Forum for Science, Industry and Business

Sponsored by:     3M 
Search our Site:

 

Newly identified enzyme group converts protein into cellular traffic signal

13.05.2005


An international research team has identified a new group of enzymes that may help uncover how cells direct internal traffic. The discovery has future implications for conditions -- such as polycystic kidney disease, male infertility, behavioral disorders and cancer -- that involve defects in protein fibers called microtubules. The findings will be published in the online journal Science Express on May 12, 2005.



The team was co-led by Jacek Gaertig, associate professor of cellular biology at UGA, and Bernard Eddé of National Center for Scientific Research (CNRS) in France.

Cells have an internal highway system made of fibers called microtubules. Specialized motor proteins slide along these fibers, carrying organelles and other materials to the places they need to go. But how do motor proteins know where to take their cargoes?


The researchers identified a new enzyme group that attaches an unusual molecular tag to a component of the cell’s microtubular highway system. The tag is attached to a localized region of a microtubule and may act like a road sign on the Interstate, directing motor proteins to take the "proper exit" to the nucleus or the cell membrane.

"We’ve known for more than a decade that strings of glutamic acid (an amino acid) are sometimes attached to the side of a protein called tubulin," said Gaertig, one of the senior co-authors on the paper. Tubulin is a component of microtubules. "This modification occurs in all cells but is abundant in neurons in the brain."

Few other proteins are modified in this way. But investigating what the modification does and how it works has been difficult until now.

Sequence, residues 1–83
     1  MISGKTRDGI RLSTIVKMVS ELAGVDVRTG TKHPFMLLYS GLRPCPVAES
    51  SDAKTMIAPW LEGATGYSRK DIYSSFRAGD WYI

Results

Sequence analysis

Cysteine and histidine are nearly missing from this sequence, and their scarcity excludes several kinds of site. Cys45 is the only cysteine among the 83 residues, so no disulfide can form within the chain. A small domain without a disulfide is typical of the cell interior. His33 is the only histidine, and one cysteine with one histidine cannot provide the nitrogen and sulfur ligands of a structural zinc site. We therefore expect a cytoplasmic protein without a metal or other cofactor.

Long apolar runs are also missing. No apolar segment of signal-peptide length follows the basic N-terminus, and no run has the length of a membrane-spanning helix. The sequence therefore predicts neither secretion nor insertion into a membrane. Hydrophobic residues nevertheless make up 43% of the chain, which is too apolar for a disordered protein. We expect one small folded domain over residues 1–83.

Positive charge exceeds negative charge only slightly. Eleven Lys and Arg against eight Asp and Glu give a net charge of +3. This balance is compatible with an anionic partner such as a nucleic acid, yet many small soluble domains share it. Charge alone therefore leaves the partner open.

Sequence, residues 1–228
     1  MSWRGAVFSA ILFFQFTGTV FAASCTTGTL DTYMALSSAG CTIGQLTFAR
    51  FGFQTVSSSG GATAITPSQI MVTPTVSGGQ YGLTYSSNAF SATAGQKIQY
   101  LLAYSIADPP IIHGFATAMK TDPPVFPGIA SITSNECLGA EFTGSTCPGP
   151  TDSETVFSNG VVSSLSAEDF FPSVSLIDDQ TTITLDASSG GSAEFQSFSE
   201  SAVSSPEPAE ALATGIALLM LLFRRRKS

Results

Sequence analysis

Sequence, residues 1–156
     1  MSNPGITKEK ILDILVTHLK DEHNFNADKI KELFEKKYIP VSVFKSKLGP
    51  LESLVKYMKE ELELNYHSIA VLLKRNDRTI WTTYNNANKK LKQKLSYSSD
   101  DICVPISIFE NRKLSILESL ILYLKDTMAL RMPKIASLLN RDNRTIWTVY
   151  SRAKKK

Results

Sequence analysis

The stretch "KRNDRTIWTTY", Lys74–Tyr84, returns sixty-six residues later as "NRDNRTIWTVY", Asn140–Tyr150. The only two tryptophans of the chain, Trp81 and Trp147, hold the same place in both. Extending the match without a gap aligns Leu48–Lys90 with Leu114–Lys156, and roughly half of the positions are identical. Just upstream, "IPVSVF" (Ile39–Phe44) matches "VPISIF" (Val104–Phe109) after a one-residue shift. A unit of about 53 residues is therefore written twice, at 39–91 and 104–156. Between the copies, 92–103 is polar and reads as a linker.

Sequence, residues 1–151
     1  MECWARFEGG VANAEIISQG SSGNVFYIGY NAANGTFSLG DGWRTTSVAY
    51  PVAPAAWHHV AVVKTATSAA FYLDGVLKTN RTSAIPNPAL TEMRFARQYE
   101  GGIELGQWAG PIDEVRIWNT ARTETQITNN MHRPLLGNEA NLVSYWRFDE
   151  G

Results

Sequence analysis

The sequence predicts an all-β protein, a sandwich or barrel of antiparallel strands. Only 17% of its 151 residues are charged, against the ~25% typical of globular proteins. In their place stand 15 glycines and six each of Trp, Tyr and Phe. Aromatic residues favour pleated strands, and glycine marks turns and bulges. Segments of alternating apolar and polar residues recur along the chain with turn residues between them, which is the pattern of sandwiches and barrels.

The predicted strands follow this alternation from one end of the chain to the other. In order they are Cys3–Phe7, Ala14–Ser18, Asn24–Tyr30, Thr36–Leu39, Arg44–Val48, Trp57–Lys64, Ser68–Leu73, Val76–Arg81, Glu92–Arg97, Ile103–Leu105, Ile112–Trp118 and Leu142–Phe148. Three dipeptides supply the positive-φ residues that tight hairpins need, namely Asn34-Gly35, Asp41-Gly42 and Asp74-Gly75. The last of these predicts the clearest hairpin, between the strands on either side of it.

The authors have identified a new group of enzymes -- called polyglutamylases -- that attach glutamic acid chains of varying length and branching patterns.

Because the enzyme complex is active only for a short window during development in mice, it took a "biochemical tour de force" by collaborators in France to purify it.

In Gaertig’s group, doctoral student Krzysztof Rogowski then identified the enzyme complex’s active subunit and postdoctoral associate Dorota Wloga found genes for these enzymes in many organisms including humans. The researchers also showed that these enzymes can modify just a portion of a microtubular highway, an important discovery that suggests the mechanism for directing cell traffic. The lab studied polyglutamylases from the unicellular pond protist Tetrahymena, a model organism that has abundant modified microtubules and shares many of the same properties of internal cell traffic as animal cells.

"Although it has been known for some time that polyglutamylation occurs, the function of these glutamic acid chains on microtubules have, until now, remained completely obscure," Eve Ida Barak, a program director for the National Science Foundation, said in an email.

Kim Carlyle | EurekAlert!
Further information:
http://www.uga.edu

More articles from Life Sciences:

nachricht New risk factors for anxiety disorders
24.02.2017 | Julius-Maximilians-Universität Würzburg

nachricht Stingless bees have their nests protected by soldiers